The range of adaptation options is wide, with much variety in costs, capital requirements, applicability, effectiveness and secondary (synergistic and cross-sectoral) impacts. Details of the choices are scenario dependent, but also in many cases dependent on local details that cannot be captured in the large-scale modelling of CLIMSAVE. The Platform, therefore, seeks to examine broad trends in possible adaptation, not specific details. The cost-effectiveness screen aims to help Platform users to consider these features at the broad (cross-Europe) scale, offering a general understanding of the relative costs, potential (applicability) and effectiveness of the options, as well as of their cross-sectoral impacts. This is enough to sketch out broad scenarios for adaptation, and to inform the detailed assessment of specific adaptation plans that will be dependent on local conditions and constraints.
3.6 Application of the IA Platform to investigate climate change vulnerability
One of the main goals of adaptation is to reduce the future vulnerability to hazards associated with climate change, taking account of other socio-economic changes. Indicators are needed both to monitor progress in adaptation (process-based or upstream indicators) and to measure the effectiveness of adaptation (outcome-based or downstream indicators). Identification of vulnerability hotspots is an important form of outcome indicator, indicating where important vulnerabilities lie and how they might be tackled. Vulnerability is influenced by a wide range of factors - social, economic, political, cultural and environmental - and vulnerability indicators need to reflect this, while remaining feasible to calculate and implement.
Coping capacity and the vulnerability concept in CLIMSAVE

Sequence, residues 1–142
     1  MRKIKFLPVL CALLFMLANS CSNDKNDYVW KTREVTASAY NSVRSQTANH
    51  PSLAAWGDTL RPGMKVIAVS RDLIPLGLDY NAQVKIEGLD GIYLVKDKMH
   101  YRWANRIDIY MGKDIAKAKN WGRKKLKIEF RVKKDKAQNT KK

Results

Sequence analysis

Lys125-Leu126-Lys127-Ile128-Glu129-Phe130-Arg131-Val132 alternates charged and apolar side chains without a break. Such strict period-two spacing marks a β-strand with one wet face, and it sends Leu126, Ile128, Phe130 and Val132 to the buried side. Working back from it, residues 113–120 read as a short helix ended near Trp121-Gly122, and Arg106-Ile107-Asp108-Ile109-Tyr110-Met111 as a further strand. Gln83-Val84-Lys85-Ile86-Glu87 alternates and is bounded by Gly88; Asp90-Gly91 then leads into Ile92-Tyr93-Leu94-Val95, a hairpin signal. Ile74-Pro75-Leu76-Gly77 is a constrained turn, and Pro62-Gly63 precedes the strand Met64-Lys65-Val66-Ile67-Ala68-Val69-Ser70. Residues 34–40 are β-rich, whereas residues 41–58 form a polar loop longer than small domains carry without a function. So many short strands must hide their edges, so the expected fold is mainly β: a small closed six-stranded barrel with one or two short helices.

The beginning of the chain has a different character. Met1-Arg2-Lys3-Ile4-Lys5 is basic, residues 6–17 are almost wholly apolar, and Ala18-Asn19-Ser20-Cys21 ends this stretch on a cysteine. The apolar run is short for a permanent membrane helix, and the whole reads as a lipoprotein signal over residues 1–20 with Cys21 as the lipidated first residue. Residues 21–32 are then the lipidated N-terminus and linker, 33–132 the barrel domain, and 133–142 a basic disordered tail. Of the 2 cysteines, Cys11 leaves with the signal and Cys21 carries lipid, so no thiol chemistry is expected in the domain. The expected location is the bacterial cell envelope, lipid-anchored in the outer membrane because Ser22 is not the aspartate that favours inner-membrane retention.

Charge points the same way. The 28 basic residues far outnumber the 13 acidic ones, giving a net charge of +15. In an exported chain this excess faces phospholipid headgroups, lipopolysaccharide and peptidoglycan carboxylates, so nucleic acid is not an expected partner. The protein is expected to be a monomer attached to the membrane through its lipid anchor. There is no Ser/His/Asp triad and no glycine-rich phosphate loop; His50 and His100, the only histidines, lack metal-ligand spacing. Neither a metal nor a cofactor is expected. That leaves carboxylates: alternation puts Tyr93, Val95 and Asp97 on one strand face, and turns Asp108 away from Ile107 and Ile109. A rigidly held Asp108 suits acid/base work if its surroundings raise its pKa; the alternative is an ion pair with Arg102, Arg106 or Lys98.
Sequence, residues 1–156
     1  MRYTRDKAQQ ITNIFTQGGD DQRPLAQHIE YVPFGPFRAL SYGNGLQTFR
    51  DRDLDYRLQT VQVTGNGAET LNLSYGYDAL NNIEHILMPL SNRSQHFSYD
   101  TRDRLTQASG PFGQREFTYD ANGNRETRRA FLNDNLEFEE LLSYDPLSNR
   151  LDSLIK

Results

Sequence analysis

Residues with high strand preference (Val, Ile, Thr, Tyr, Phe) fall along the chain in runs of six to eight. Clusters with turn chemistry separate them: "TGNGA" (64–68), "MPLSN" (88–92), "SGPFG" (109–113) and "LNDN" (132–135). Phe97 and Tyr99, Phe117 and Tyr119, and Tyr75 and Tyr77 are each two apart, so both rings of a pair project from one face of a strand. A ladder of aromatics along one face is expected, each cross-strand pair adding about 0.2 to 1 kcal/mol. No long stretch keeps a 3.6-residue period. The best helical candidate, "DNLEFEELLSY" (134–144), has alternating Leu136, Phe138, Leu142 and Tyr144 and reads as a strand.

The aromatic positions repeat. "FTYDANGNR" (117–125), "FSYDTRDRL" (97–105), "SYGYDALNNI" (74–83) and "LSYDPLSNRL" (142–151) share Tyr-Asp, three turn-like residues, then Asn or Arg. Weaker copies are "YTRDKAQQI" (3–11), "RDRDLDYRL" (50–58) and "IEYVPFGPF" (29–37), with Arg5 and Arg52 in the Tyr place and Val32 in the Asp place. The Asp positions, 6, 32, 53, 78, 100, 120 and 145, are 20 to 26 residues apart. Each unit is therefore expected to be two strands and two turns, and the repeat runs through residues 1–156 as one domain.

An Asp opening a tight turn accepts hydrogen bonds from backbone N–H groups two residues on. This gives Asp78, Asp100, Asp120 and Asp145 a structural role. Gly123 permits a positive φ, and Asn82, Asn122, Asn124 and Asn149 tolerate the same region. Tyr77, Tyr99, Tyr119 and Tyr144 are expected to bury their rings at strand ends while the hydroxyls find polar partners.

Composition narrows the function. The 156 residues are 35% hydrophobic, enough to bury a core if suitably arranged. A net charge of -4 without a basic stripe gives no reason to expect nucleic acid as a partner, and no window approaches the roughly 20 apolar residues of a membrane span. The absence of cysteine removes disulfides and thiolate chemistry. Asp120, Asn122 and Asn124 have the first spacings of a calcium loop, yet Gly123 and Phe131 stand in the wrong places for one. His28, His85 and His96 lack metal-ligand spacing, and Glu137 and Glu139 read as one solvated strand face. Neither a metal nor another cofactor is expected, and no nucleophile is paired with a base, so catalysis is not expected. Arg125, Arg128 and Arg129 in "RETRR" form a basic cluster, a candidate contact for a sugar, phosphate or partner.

The CLIMSAVE approach to vulnerability hotspot mapping evaluates the spatially-variable impacts of future scenarios on human well-being (Dunford et al., 2013). To do so it breaks vulnerability down into three key elements: (i) the severity of the impact itself; (ii) the level of adaptation in place to reduce the impact; and (iii) the extent to which humans are able to draw on their available resources (both tangible and societal) to cope with the impacts that remain, i.e. the “coping capacity”. Vulnerability occurs where the level of impact following adaptation is greater than society’s ability to cope.
Figure 11: Schematic overview of the CLIMSAVE vulnerability approach.
This concept is shown schematically in Figure 11. Impact is modelled for a wide range of future scenarios (1 in Figure 11). Adaptation acts on the socio-economic scenario variables (for example, increasing the level of flood defence) and adaptive capacity changes with a scenario. The impact following adaptation is termed “residual impact” (2). The extent to which human well-being is affected by the residual impact depends on three further factors: (i) the “lower coping threshold” (the level of residual impact below which the impacts on human well-being can be considered negligible) (3); (ii) the “upper coping threshold” (the level of residual impact above which society is unable to cope, no matter how resource rich it is) (4); and, (iii) the “coping range” (the zone between the two thresholds) (5). Coping capacity reflects the available resources that are available to society and is derived as a function of human, social, financial and manufactured capital. Natural capital is not included in the coping capacity since it is calculated directly by the IA Platform.
Evaluating vulnerability in the CLIMSAVE IA Platform
Vulnerability is assessed for six ecosystem service indicators and composite indices to represent a cross-section of ecosystem service categories: (i) food supply (provisioning service); (ii) water exploitation index (provisioning service); (iii) people affected by a 1:100 year flood event (regulating service); (iv) a biodiversity index (supporting service); (iv) a land use intensity index (to represent cultural/aesthetic services); and (vi) a land use diversity index (to represent multi-functionality). Upper and lower coping thresholds were selected for each of these indicators/indices. Vulnerability occurs in areas where the significant residual impact is greater than the coping capacity, and a vulnerability index is calculated for each ecosystem service indicator/index at the grid cell level. Grid cells are classified as:
• “Not vulnerable, negligible impact” (residual impact is less than the lower coping threshold);
• “Not vulnerable, coping” (the significant residual impact is less than the coping capacity);
• “Vulnerable, not coping” (the coping capacity is insufficient to deal with the significant residual impact); and
• “Vulnerable, impossible to cope” (the residual impact is greater than the upper coping threshold).